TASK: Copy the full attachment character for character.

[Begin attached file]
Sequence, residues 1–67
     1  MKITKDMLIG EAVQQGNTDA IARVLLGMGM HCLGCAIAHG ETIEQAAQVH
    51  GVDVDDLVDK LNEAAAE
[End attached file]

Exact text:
Sequence, residues 1–67
     1  MKITKDMLIG EAVQQGNTDA IARVLLGMGM HCLGCAIAHG ETIEQAAQVH
    51  GVDVDDLVDK LNEAAAE